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When doing good makes us do bad

By Michael Sanders and Oliver Hauser

by Michael Sanders
December 16, 2020

This piece is part of a series in which Michael Sanders describes the findings of papers that have been languishing without being released, as he publishes them over the next several months.

Have you have eaten a large dessert at a restaurant, as a reward for having been virtuous and foregone a starter? Have you ever felt yourself tempted not to call your parents back in the evening because you’ve already done “your good deed for the day”, or been a little more tempted by one of the many fruits of capitalism soon after you’ve donated to charity?

You’re not alone. This phenomenon is known as moral licensing – where one set of positive, moral behaviours justifies us later acting in a less moral way.

Of course, it isn’t always that way. Very often, we get a thrill from our first good act, and are prompted to do another – acts of generosity often come in batches. And of course, people who are more generous in one domain – say, charitable giving – might also be more generous in others, like being a good listener, a sturdy shoulder in a crisis. This doesn’t mean that the one thing causes the other: some third factor – let’s call it “kindness” – motivates both sets of behaviours.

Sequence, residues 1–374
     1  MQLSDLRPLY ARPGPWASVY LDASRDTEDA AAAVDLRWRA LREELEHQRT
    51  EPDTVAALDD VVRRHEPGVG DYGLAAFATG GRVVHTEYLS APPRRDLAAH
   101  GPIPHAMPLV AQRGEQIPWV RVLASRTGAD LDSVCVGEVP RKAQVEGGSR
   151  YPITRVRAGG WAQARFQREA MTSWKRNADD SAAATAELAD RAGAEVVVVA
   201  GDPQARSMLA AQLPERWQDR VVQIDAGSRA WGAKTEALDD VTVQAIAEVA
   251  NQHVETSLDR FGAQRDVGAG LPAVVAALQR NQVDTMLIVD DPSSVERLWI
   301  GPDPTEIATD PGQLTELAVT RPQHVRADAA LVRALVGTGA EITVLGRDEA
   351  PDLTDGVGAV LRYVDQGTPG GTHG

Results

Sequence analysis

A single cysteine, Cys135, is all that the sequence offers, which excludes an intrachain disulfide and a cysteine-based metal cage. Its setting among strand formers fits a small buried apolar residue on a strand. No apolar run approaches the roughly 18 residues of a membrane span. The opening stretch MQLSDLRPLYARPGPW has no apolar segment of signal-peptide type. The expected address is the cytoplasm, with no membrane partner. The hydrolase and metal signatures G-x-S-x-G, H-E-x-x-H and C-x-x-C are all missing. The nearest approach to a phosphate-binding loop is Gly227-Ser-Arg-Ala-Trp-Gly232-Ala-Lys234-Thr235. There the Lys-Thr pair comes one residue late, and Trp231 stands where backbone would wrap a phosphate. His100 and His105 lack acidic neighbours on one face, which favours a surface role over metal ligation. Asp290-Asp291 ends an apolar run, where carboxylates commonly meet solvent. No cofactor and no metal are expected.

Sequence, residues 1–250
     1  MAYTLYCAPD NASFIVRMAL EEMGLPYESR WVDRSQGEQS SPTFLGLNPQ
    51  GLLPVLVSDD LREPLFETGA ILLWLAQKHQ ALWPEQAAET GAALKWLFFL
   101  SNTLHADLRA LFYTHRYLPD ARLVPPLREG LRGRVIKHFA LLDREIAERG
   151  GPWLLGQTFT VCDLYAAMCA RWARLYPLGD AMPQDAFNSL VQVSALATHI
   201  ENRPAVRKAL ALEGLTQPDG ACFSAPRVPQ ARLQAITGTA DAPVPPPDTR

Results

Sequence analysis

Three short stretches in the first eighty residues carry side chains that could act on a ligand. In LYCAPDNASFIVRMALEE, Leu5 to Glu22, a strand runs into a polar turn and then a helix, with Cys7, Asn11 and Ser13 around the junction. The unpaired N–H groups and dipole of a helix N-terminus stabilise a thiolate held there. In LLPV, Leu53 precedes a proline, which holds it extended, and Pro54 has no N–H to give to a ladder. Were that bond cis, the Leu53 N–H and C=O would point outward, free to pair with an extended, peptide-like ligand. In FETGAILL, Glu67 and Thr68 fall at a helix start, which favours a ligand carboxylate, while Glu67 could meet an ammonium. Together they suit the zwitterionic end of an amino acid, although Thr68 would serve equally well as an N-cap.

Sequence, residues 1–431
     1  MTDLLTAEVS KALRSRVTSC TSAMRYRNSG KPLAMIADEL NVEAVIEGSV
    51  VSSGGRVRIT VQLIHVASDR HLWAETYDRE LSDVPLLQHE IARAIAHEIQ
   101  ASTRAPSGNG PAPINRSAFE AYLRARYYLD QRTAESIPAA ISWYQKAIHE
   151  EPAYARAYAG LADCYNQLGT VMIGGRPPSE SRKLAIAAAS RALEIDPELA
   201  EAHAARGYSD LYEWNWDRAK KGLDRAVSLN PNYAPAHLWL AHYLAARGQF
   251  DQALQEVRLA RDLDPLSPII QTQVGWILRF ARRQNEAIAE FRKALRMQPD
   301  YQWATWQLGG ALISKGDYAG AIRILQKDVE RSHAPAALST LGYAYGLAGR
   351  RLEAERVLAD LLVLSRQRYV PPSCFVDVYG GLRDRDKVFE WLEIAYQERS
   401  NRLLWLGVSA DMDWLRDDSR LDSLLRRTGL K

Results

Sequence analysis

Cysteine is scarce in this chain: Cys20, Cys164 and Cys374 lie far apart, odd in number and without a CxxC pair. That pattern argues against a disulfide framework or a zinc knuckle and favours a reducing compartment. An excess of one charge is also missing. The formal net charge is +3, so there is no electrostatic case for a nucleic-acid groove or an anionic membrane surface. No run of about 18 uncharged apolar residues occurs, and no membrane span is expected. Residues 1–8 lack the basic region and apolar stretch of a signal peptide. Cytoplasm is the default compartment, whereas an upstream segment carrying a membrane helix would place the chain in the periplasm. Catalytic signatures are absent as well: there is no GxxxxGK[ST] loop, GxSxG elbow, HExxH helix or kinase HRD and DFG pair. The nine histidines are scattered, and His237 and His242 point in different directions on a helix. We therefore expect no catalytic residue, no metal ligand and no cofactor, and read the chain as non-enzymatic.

This prompts the question: if sometimes a good deed prompts another, and sometimes it prompts a bad deed, when is each of these most likely? If we knew this, we could try to create more situations like the first, and fewer like the second.

A few years ago, we looked into this through a series of experiments carried out both in the lab and the field. Specifically, we were interested in whether donating time (volunteering for charity), made people more, or less, likely to donate money later on.

Across our studies, we found that when people could be nudged to do more volunteering, they were less generous with their money later on, suggesting that the good deed of volunteering is “licensing” more tight-fisted behaviours later on. By implication, charities might face a choice between getting someone to donate more time, or donating more money. Depending on what the charity does, and the characteristics of their donors, they might want to make changes to their strategy.

We find that there’s potentially a difference between corporate philanthropy and individual giving. When people are volunteering for a non-socially productive cause – for example, as part of a work bake sale to raise awareness for a charity – this didn’t lead to the same reduction in monetary donations as when people were volunteering for the charity themselves. This was the case even if the corporation – their employer – matched their volunteering with cash donations to the charity.

These are a small number of studies contributing to a wider debate about charitable donations, why people make them, and how best to increase them. We don’t have all the answers, but we’re hoping that we’re able to contribute to the discussion.

Dr Michael Sanders is Chief Executive of What Works for Children’s Social Care, and a Reader in Public Policy at the Policy Institute, King’s College London. This research was conducted while he was an ESRC Research Fellow at the Behavioural Insights Team.

Oliver Hauser is an Associate Professor in the Economics Department at Exeter University and a UKRI Future Leaders Fellow.